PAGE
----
Each Wednesday (or thereabouts) I’ve been recording a Curiosity Journal to recap the previous week using these tag words: reading, playing, learning, reacting and writing. Sometimes I mix up the order, just to keep you on your toes.
Care to join me?
Concerned that my kids are ignorant of current events, I announced that we should at least be aware of headlines. In response, two of the girls moaned. “Oh, Mom! Do we have to? Can’t we please just talk about the highlights of our day?” One of them even flopped her head against the table.
Sorry, kids, but the world is far bigger than the goings-on of our suburban cul-de-sac. Tonight, we’ll begin reading the paper together—starting with headlines and brief summaries.
They are thrilled, I tell you. Just thrilled.
Yesterday’s description of Sunday mornings at the country church where I worshiped as a tween and teen seemed to hit a chord with people.
My 11-year-old son has been making cornbread, in search of the perfect recipe to submit to our church’s chili-and-cornbread cook-off. His plan is to make several small pans for the family to try, and we’ll keep comparing and ranking until we arrive at the top pick. He has not asked for any help from me.
“Where are you getting your recipes?” I asked.
“Online,” he said. “I like ‘Food.com.’ Have you heard of it?”
“Oh, yes,” I said, impressed with his resourcefulness. “I use it a lot.”
“Well, I like it because I can change the number of servings and it automatically recalculates all the ingredients. I don’t have to do any math! It does it for me!”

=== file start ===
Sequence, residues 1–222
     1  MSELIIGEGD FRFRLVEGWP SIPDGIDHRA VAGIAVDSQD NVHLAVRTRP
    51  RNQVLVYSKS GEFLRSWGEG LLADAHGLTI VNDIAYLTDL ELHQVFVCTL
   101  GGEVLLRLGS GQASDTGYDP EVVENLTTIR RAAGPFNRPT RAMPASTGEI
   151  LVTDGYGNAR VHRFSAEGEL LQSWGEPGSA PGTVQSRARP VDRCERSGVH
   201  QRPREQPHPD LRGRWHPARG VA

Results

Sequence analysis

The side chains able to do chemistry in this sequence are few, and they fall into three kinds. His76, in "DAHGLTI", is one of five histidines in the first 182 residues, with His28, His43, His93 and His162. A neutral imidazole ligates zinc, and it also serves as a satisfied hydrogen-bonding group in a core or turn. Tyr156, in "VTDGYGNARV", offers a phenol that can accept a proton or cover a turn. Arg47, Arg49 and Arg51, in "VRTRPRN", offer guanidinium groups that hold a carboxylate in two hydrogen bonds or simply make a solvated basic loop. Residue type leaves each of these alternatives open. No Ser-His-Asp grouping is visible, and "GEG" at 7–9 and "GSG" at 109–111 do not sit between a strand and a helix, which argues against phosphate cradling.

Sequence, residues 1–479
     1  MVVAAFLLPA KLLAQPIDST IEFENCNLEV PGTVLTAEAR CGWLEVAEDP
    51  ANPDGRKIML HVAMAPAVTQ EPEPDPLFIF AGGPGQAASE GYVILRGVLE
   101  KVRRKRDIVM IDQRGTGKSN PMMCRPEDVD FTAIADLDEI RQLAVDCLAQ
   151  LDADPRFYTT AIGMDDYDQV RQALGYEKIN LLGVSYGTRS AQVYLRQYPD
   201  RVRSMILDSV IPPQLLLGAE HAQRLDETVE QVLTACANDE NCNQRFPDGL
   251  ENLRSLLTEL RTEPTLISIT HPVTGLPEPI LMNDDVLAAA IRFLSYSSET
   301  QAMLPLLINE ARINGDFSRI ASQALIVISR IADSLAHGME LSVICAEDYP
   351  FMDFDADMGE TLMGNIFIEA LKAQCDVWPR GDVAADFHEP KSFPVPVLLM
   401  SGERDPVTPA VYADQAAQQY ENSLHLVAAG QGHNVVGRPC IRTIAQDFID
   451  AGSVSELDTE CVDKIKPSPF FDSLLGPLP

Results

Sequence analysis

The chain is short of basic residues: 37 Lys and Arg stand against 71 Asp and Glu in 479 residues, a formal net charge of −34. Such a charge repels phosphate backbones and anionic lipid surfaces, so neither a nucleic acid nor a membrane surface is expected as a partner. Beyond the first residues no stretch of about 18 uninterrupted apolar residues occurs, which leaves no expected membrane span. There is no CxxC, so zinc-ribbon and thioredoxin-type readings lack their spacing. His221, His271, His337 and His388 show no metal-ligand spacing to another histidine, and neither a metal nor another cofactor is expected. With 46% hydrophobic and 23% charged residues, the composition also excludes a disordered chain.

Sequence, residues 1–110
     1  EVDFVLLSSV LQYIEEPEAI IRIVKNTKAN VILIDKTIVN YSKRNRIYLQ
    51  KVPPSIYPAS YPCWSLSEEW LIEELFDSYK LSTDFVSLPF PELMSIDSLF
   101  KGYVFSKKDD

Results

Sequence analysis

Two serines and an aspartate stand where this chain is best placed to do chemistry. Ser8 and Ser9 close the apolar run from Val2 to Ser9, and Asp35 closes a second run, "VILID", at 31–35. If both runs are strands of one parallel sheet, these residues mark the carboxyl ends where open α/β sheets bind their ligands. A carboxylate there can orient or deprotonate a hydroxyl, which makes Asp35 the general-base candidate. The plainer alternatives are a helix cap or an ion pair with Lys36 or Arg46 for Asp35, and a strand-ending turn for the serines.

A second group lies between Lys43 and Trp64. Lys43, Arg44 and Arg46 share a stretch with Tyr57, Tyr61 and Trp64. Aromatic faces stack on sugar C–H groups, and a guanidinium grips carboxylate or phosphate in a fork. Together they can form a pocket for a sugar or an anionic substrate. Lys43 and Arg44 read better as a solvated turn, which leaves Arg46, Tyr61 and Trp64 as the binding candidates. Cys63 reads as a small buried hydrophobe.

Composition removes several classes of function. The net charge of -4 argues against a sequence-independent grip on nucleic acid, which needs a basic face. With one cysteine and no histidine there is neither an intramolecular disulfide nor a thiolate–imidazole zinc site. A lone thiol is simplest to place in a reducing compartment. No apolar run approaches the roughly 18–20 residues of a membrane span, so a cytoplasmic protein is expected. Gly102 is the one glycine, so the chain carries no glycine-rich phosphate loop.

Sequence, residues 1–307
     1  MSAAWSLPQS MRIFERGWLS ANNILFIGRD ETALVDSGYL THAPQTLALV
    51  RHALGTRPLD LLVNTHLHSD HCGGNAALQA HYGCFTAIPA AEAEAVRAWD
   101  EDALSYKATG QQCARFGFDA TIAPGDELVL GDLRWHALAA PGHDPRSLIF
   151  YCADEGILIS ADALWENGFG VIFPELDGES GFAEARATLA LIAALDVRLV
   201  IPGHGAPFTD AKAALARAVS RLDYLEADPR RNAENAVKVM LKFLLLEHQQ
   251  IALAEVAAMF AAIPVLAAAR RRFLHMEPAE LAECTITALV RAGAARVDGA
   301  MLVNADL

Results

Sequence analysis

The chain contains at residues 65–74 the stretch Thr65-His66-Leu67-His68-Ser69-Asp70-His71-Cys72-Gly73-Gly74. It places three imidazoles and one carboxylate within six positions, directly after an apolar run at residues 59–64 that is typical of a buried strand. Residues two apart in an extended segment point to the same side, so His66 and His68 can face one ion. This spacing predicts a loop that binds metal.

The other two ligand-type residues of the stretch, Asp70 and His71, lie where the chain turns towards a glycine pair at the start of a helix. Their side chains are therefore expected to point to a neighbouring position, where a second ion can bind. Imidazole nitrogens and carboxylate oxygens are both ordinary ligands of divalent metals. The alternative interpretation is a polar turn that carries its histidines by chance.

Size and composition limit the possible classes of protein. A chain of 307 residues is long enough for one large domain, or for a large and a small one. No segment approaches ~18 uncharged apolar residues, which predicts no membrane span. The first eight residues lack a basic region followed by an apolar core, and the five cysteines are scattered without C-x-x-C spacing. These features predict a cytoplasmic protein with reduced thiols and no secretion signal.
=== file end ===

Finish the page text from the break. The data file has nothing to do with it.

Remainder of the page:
I never noticed that feature. I’d prefer that he practice his math, but I have to admit, it’s a clever tool.
To experiment, I pulled up a random recipe—somebody’s sweet cornbread recipe, to stick with the cook-off theme—and sure enough! Just under the word “Ingredients” is a gadget with arrows. After clicking on it, I can type in another number and “update” to the new measurements.
I might try it, because to be honest…I don’t like doing the math either.
My eldest daughter, a high school senior, is preparing for a couple of photo shoots. First, her sister and I will try our hand at some shots. If none of the them turns out to her satisfaction, we’ll hire a pro. But it’s fun to try first. This weekend is our last big effort before calling in the experts.
I’m gathering ideas for poses and props on Pinterest. Some are pretty silly, I suppose, but I pinned them anyway. Teen girls like to pose.
Writing that story about my early days of faith makes me wonder what life stories I might tell…and, more philosophically, I wonder what stories need to be told?
At the same time, I must also ask what stories need to be left alone.
How do you decide which is which?
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